Weird helium balloon experiment with Fizzics Education | Kids Science Experiments

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Weird Helium

Follow FizzicsEd 150 Science Experiments:

You will need:

1 Helium filled balloon on a string

Someone driving a car

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colourful helium-balloons on a roof
1

Sit BEHIND the driver and hold the string of the helium balloon.
DON’T BLOCK THE DRIVER’S VISION!

2

Have the driver start the car and move the car forwards.

3

Does the balloon stay above your hand, go towards the driver or go towards the back of the car?

4 A television screen showing a distance educator running science experiment with a bell jar, vacuum pump and a cup of water. There is an inset of a remote class on the screen and a video conference camera on top of the television.
Live remote classes with experienced distance educators

Discover >30 virtual workshops designed to engage students isolated at home.

  • Direct curriculum links
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  • Live classes – students can question & answer our educators and participate in experiments using household materials
  • Simple connection via one-click connect
  • Based on 10 years of distance education experience & global best practice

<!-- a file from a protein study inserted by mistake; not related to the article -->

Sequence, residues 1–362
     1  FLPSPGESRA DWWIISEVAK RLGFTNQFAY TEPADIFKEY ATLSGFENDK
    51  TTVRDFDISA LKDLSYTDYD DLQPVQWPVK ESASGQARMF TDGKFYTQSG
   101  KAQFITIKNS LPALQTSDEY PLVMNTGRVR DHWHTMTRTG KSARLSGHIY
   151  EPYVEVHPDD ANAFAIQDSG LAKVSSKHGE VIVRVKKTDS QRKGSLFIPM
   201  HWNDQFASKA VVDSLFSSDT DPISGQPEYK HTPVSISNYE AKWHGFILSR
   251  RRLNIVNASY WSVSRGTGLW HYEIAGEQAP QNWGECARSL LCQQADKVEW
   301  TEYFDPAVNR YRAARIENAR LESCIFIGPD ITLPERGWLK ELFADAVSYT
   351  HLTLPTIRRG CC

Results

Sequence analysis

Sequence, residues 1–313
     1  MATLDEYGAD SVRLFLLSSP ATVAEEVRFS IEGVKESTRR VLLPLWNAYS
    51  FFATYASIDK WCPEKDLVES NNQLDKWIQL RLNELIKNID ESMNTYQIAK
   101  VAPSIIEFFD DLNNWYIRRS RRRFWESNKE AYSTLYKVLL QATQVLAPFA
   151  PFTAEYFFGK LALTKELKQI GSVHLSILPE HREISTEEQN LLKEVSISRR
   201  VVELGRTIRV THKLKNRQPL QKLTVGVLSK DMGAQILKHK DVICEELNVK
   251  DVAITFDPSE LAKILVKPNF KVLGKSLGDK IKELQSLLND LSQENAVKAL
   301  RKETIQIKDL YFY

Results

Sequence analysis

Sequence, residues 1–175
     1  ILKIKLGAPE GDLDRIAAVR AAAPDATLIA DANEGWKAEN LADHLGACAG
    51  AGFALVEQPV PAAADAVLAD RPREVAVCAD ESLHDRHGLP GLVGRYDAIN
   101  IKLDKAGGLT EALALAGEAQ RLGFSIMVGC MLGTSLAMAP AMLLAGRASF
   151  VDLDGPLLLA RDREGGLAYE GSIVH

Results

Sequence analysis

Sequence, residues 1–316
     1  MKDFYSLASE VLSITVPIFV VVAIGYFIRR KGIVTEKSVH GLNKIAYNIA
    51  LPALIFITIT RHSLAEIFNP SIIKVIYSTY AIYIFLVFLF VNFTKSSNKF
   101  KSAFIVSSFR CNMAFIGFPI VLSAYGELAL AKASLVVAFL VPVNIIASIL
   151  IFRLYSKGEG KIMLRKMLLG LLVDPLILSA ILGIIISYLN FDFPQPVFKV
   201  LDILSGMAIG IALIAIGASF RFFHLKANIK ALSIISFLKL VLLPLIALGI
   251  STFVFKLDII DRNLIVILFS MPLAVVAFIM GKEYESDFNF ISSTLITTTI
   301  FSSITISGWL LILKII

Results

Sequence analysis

Multi-award-winning distance classes available to keep up student enthusiasm & enrichment!

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What is going on?

All objects try to stay in one place unless a force makes them travel somewhere. This is why when the car goes forward you ‘feel’ as if you’re being pushed backward, but really your body is just trying to stay where it was before the car moved. This is called inertia.

Inertia also affects the air inside the car. When the car goes forward, the air inside also tries to stay resting in the spot where the car was parked. As the car accelerates forward, the density of the air increases towards the back of the car. This builds up pressure in the back of the car.

You would expect the helium balloon to travel to the back of the car as well. The problem is that the helium inside the balloon is less dense than the air surrounding the balloon. The balloon tries to ‘float’ above the dense air in the back of the car, causing it to go forward.

Learn more!

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